do nepomukcmd rmgraph "$a"; done
 
</syntaxhighlight>
 
 
 
== Starting Nepomuk Sever from the Trunk in Ubuntu  ==
 
 
Note: Starting with (K)ubuntu 10.10 (Maverick Meerkat), virtuoso-t is in /usr/bin. So the work around described below is no longer necessary.
 
 
Ubuntu packages virtuoso slightly differently. It provides a package called ''virtuoso-nepomuk'' which installs the executable ''virtuoso-t'' in the ''/usr/lib/virtuoso/'' directory for security purposes.
 
 
When running Nepomuk from the trunk, the nepomukserver is unable to find the ''virtuoso-t'' executable, and therefore the NepomukStorage Service fails to initialize. One way to fix this is to adjust the PATH environment variable.
 
<syntaxhighlight lang="text">
 
PATH=/usr/lib/virtuoso:$PATH
 
export PATH
 
</syntaxhighlight>
 
 
<br>
 
  
 
== Debugging virtuoso-t  ==
 
== Debugging virtuoso-t  ==

Revision as of 22:54, 25 August 2012


Contents

Using ontology URIs in your code

One often needs the URI of a specific class or a specific property in ones code. And not all ontologies are provided by the very convenient Soprano::Vocabulary namespace.

The solution is rather simple: create your own vocabulary namespaces by using Soprano's own onto2vocabularyclass command line tool. It can generate convenient vocabulary namespaces for you. The Soprano documentation shows how to use it manually or even simpler with a simple CMake macro.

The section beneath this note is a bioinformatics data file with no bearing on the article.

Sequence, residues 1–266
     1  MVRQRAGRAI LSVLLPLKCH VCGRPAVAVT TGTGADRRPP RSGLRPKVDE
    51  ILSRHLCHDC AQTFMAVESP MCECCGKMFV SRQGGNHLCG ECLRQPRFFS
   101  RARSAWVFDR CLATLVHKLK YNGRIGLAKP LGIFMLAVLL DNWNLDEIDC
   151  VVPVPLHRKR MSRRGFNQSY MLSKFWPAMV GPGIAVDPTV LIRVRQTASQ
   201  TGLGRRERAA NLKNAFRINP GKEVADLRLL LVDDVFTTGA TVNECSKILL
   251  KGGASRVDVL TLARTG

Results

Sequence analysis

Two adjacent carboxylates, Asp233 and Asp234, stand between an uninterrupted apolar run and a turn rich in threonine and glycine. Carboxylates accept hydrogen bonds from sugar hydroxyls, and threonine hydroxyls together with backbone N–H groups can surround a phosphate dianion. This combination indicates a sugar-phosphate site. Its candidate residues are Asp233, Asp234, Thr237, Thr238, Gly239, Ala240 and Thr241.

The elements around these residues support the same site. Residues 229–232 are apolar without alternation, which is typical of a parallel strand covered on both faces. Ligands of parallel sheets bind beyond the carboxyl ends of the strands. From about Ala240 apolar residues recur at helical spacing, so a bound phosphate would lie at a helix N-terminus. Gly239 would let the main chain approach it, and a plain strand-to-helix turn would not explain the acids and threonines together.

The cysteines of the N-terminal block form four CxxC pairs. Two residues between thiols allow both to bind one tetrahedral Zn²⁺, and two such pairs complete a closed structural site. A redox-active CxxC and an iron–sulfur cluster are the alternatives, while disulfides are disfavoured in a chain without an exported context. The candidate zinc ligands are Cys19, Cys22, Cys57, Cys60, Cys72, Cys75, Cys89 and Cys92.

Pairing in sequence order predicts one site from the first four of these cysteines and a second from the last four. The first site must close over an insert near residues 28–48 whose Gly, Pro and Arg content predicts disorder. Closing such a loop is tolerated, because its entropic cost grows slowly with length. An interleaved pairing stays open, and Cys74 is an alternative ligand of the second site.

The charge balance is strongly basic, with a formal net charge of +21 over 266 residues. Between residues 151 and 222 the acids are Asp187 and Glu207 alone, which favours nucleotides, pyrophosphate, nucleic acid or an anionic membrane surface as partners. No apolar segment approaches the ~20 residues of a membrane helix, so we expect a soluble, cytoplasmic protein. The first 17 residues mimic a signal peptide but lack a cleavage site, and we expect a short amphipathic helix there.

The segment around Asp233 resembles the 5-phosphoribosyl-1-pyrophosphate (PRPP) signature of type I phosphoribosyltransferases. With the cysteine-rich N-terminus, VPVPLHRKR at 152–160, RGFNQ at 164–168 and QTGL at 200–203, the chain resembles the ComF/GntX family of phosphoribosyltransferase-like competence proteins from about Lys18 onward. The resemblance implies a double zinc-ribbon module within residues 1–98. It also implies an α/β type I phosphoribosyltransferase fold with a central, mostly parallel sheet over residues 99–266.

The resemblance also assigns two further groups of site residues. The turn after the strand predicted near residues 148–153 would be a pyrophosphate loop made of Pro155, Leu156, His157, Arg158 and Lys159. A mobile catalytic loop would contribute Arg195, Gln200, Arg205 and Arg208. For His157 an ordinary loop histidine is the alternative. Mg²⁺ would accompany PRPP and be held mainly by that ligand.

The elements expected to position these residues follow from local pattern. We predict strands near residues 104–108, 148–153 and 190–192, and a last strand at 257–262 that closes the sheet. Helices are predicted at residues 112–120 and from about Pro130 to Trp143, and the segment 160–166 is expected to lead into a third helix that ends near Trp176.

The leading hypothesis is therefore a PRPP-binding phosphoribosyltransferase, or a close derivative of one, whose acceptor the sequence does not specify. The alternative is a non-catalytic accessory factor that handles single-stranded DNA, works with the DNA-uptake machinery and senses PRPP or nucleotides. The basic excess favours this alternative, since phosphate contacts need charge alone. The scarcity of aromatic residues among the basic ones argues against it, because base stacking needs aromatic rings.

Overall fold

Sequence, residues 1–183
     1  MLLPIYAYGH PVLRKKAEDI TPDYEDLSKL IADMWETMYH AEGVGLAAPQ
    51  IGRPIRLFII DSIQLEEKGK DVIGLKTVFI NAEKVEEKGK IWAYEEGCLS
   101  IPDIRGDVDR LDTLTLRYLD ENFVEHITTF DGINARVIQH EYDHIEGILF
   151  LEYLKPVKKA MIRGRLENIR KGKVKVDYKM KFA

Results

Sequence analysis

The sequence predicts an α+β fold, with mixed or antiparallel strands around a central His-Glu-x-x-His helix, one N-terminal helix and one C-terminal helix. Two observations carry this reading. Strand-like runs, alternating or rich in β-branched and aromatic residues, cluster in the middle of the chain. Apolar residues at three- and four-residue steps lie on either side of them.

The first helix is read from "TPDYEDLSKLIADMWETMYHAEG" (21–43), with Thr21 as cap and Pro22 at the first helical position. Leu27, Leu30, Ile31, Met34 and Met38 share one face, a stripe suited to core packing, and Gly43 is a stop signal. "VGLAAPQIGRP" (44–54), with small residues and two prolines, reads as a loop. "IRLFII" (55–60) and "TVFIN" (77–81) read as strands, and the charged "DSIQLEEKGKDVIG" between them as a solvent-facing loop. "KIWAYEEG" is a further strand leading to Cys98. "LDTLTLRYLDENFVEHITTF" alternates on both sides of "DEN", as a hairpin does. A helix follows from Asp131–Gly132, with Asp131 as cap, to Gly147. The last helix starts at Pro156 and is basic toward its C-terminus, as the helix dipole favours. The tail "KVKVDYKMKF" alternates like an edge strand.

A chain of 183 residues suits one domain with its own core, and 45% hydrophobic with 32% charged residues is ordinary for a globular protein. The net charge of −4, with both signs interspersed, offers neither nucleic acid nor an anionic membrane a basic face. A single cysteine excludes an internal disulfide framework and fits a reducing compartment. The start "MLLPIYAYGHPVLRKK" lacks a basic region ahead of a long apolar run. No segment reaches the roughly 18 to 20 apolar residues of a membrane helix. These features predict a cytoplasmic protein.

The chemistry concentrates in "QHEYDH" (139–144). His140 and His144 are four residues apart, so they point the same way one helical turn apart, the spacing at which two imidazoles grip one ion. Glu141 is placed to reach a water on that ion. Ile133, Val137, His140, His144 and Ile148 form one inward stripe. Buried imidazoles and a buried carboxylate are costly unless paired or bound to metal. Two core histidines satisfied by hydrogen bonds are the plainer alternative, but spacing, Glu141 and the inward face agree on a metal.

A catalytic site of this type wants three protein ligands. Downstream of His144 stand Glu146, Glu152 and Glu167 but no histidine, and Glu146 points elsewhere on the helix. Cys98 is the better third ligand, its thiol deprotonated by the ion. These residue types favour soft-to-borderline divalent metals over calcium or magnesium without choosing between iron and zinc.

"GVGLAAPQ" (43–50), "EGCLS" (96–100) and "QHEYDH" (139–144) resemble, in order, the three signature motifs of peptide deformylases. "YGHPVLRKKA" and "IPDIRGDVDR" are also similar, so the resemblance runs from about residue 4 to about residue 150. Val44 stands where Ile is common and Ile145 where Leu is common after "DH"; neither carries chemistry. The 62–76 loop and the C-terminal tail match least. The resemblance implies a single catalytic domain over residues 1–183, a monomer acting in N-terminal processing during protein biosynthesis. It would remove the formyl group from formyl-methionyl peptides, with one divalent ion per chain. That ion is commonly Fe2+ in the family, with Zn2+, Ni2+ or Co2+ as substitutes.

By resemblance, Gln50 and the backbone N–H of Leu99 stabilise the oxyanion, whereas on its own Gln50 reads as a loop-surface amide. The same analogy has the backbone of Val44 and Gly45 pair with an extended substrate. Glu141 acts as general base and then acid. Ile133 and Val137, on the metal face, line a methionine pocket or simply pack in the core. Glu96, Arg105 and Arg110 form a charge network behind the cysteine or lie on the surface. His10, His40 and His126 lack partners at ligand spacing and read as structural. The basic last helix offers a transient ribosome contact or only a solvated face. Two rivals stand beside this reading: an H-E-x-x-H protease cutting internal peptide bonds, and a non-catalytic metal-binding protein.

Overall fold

Mind the Difference between QString and QUrl

Nepomuk::Resource provides two constructors: one taking a QString as identifier or URI and one taking a QUrl.

The latter one is really simple: the given URI is used as the resource URI. If the resource exists, its data is used, otherwise it will be created with exactly that URI.

The QString one is a bit trickier. It will try to be clever about the parameter and see if it is a URI. If no resource with that URI (if it is a URI) exists, it is interpreted as an identifier (nao:identifier). Resource checks if a resource with that identifier exists. If so, its data is loaded, if not, a new resource with a random URI and that string as identifier is created.